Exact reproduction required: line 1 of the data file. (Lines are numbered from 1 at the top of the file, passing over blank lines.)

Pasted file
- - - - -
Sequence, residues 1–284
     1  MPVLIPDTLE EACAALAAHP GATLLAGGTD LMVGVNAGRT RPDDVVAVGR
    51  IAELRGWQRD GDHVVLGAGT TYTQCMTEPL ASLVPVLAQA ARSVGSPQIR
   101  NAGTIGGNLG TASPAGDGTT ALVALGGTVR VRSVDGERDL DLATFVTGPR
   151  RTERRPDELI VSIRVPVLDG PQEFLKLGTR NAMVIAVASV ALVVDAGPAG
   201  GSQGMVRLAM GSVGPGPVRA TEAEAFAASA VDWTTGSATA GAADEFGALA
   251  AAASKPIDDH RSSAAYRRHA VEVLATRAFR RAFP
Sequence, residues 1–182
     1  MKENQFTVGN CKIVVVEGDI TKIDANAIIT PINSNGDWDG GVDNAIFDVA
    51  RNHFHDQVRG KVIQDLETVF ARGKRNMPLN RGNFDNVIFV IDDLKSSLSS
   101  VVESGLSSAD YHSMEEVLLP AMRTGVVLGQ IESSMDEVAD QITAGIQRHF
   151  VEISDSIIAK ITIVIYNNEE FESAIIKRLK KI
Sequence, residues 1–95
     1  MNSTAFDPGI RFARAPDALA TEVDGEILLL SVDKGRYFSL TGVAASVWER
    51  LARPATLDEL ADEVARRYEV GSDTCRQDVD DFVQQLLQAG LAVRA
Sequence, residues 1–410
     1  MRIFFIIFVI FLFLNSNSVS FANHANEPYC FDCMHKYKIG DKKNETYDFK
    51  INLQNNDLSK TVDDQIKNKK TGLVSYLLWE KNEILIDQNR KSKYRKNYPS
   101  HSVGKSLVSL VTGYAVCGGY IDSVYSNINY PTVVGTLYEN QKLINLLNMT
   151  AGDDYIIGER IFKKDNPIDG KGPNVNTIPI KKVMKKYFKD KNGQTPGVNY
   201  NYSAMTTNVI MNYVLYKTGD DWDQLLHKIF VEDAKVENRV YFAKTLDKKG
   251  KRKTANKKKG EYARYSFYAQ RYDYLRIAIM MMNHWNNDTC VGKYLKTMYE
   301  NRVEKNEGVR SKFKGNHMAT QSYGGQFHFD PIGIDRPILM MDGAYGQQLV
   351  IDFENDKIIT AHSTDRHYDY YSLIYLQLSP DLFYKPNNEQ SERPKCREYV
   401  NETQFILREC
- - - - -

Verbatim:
Sequence, residues 1–284